Brooks and Thurlbeck at risk as prosecutors get first hacking files

Four journalists named in evidence handed to CPS could be first of many to face charges

Rebekah Brooks, former chief executive of News International, could be charged with perverting the course of justice after her name was included among 11 suspects in the first files handed to prosecutors by detectives investigating phone hacking.

The Crown Prosecution Service (CPS) said it had received four files from police in the past few weeks covering a range of offences allegedly committed by four journalists, a police officer and six other people. The CPS declined to name anyone in the files but said not all of them were arrested during Operation Weeting, the hacking inquiry which began in January 2011, and four other linked police inquiries.

There was speculation last night that Amelia Hill, a Guardian journalist who worked on stories exposing the hacking scandal, was among those named in the four files. She was questioned under caution last year over allegations that she received leaked information from a detective in the phone-hacking team. A 51-year-old police officer was also arrested. The Guardian declined to comment last night.

The handover of the files follows the arrests of Ms Brooks, 43, and her husband, Charlie Brooks, last month. Four other people, including News International's head of security, Mark Hanna, were also arrested. Police were believed to be investigating a possible plot to conceal the extent of voicemail interception at the News Of The World after Operation Weeting was launched. Perverting the course of justice carries a penalty of up to life in prison and a fine. News International declined to comment.

Neville Thurlbeck, a former chief reporter at the NOTW, is thought to be included in the first batch of files. He faced accusations of witness intimidation and harassment after a blog posting which revealed the address of Will Lewis, a member of News Corp's management and standards committee. Mr Thurlbeck, who denies wrongdoing, said he had no confirmation through his lawyer that the CPS was considering his case, but added: "I am pretty sure I am the witness intimidation suspect referred to." The last of the files relates to a journalist suspected of illegally intercepting communications, contrary to the Regulation of Investigatory Powers Act. The Director of Public Prosecutions, Keir Starmer, revealed the details of the four files as he published new guidelines helping prosecutors to decide whether journalists should be charged with criminal offences.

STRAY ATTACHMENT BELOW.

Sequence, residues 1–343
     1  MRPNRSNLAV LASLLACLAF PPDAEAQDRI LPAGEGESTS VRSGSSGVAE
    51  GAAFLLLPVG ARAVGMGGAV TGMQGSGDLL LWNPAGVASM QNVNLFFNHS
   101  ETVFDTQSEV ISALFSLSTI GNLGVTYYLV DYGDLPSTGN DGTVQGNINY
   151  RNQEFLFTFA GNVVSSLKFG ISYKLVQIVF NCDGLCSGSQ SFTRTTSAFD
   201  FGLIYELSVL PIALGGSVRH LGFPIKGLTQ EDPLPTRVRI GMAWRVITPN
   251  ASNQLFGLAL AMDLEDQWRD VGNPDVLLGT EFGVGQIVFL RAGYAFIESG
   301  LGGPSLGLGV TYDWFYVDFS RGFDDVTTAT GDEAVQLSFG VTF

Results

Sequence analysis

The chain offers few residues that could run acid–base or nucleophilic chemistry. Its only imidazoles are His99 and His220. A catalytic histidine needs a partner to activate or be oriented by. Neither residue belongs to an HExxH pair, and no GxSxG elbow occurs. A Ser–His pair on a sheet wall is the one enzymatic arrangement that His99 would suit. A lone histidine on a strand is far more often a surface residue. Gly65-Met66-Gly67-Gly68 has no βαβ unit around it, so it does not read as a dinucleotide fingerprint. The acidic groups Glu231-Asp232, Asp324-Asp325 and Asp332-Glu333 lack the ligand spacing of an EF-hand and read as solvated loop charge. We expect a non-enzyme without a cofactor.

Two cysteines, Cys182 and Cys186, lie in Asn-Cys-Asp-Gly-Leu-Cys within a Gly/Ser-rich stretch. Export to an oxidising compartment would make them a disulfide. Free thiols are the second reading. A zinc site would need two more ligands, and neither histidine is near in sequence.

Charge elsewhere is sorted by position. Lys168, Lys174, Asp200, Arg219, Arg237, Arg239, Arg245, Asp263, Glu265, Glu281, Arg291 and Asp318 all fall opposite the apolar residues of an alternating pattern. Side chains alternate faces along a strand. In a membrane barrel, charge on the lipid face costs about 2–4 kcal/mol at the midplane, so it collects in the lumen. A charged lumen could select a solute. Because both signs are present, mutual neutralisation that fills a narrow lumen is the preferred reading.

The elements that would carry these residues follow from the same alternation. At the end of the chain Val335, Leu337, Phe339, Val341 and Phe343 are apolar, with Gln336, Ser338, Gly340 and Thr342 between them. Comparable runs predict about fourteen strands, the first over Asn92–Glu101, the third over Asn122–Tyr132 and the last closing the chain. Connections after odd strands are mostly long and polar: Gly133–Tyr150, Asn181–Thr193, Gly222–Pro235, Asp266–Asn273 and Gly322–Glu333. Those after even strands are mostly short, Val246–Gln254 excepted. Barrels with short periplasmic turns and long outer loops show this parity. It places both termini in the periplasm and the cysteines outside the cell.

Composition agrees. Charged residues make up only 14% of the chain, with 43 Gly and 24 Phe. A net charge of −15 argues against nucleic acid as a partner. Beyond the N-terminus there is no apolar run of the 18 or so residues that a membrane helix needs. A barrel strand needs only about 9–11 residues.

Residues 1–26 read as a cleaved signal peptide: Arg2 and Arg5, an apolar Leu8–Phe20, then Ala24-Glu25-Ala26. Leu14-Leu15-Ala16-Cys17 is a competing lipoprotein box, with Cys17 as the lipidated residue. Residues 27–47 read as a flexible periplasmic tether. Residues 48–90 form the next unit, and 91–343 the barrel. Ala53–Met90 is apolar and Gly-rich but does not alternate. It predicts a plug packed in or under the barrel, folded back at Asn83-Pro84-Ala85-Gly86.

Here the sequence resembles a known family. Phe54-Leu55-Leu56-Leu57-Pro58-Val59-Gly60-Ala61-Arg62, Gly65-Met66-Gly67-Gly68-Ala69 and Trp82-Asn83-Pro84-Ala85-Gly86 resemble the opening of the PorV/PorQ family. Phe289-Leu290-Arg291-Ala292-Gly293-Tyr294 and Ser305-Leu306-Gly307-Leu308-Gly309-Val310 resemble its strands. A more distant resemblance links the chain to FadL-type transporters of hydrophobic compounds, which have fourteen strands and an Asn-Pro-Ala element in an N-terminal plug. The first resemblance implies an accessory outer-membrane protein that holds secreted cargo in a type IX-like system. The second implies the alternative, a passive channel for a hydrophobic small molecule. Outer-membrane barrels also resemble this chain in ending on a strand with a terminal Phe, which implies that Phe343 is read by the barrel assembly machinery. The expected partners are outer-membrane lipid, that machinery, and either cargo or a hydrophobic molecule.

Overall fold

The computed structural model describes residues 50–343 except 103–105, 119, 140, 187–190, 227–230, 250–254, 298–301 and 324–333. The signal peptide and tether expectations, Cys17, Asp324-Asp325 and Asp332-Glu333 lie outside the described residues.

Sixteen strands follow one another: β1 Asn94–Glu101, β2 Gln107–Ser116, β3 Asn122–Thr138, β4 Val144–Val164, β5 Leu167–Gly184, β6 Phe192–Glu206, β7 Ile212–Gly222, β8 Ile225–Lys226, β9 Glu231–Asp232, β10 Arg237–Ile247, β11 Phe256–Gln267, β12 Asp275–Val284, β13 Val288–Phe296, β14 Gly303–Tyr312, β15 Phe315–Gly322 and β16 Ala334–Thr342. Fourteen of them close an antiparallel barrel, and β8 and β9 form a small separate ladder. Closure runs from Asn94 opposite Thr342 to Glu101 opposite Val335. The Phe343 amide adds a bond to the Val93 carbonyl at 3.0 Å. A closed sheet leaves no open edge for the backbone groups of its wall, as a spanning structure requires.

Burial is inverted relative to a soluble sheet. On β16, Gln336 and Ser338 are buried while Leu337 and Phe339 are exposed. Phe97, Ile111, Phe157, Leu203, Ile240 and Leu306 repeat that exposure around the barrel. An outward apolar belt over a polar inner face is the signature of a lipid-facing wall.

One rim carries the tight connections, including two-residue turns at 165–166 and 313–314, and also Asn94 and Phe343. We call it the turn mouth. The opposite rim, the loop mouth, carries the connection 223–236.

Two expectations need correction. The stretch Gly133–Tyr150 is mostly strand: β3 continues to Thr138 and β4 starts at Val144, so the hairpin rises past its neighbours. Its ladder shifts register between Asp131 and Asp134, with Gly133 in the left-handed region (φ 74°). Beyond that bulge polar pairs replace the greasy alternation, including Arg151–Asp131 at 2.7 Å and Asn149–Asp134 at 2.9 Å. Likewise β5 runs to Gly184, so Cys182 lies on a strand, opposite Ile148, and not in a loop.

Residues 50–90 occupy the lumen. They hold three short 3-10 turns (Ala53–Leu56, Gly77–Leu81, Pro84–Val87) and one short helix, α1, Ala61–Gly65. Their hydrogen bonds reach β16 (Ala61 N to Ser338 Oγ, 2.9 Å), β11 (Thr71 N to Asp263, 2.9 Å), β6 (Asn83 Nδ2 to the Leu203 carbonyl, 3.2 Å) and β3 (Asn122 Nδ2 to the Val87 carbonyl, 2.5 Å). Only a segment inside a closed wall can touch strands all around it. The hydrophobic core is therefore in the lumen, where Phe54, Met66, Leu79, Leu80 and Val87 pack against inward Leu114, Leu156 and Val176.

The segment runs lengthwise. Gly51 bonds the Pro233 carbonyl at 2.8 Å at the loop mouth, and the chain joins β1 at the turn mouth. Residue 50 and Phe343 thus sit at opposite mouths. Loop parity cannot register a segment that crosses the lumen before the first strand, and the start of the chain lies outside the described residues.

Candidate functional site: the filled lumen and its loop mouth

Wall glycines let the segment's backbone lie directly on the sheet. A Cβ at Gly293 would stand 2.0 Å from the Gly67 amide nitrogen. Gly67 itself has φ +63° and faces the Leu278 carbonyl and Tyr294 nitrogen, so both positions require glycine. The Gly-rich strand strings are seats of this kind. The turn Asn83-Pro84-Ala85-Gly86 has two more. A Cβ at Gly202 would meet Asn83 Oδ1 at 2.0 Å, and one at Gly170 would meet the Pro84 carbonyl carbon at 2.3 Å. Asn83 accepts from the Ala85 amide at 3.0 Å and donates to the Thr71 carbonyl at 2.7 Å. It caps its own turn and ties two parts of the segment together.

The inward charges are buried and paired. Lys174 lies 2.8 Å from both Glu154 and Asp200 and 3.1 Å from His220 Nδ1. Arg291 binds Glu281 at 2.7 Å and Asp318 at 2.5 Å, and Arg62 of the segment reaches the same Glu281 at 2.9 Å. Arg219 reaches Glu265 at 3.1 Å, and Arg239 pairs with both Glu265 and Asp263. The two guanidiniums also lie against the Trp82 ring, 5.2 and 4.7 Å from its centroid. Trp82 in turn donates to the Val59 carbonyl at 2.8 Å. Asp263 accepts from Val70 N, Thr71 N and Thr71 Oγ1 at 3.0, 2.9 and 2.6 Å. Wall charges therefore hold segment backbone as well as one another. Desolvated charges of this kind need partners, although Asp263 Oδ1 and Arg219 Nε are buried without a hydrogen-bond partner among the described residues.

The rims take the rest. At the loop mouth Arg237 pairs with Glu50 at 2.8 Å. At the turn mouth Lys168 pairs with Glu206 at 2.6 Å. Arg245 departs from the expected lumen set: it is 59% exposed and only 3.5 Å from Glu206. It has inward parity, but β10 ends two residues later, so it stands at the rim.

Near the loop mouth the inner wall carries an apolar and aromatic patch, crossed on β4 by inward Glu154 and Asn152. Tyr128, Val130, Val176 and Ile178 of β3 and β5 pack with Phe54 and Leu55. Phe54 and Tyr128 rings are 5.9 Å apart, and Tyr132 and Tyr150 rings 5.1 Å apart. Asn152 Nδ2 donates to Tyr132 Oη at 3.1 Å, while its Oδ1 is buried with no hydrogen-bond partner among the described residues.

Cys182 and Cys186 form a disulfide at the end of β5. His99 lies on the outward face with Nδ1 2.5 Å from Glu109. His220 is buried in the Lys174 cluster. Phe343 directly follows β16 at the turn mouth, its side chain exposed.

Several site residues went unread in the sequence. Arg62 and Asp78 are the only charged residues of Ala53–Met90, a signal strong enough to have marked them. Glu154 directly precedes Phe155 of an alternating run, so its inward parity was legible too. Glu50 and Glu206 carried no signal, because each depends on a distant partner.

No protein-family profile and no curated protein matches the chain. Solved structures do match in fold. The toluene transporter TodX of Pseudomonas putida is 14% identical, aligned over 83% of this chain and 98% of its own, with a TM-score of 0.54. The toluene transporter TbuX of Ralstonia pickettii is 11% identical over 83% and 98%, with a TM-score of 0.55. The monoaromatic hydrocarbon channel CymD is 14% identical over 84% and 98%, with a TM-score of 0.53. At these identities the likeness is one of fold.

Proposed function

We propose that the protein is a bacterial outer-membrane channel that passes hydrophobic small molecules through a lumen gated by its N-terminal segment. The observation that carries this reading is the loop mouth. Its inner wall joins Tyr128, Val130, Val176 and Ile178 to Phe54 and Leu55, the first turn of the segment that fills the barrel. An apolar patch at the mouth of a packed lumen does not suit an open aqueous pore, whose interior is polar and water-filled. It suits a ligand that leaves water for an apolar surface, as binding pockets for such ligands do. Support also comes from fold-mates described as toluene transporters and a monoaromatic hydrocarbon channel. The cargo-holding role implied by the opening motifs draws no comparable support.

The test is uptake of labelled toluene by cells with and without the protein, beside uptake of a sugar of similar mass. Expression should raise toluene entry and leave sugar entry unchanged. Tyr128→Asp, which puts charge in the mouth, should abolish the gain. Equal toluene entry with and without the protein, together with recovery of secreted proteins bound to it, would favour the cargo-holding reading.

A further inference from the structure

A total of 43 people are currently on bail from the five police inquiries.

Mr Starmer revealed that two investigations were underway that had not previously been made public. One named Operation Sasha, which relates to allegations concerning Mr and Mrs Brooks, and that a further investigation, Operation Kilo, which is looking into leaks from the hacking inquiry.

"We are now entering a period where we are likely to make a decision one way or another," said Mr Starmer, adding that it is likely there would be more referrals.

Mr Thurlbeck said last night: "I am pleased that the legal process is moving forward to what I believe will be confirmation that these allegations are completely and utterly without foundation."